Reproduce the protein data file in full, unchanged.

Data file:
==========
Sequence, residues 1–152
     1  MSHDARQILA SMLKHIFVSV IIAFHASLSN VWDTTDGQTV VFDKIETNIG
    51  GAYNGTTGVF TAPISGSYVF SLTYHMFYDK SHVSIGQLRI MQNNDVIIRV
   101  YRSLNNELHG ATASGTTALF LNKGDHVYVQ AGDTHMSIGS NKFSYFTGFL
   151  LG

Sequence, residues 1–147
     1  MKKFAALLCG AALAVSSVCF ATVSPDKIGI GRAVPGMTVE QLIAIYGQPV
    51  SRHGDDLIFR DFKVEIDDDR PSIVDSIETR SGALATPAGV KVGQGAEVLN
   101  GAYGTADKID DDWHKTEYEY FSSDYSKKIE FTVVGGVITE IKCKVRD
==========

Sequence, residues 1–152
     1  MSHDARQILA SMLKHIFVSV IIAFHASLSN VWDTTDGQTV VFDKIETNIG
    51  GAYNGTTGVF TAPISGSYVF SLTYHMFYDK SHVSIGQLRI MQNNDVIIRV
   101  YRSLNNELHG ATASGTTALF LNKGDHVYVQ AGDTHMSIGS NKFSYFTGFL
   151  LG

Sequence, residues 1–147
     1  MKKFAALLCG AALAVSSVCF ATVSPDKIGI GRAVPGMTVE QLIAIYGQPV
    51  SRHGDDLIFR DFKVEIDDDR PSIVDSIETR SGALATPAGV KVGQGAEVLN
   101  GAYGTADKID DDWHKTEYEY FSSDYSKKIE FTVVGGVITE IKCKVRD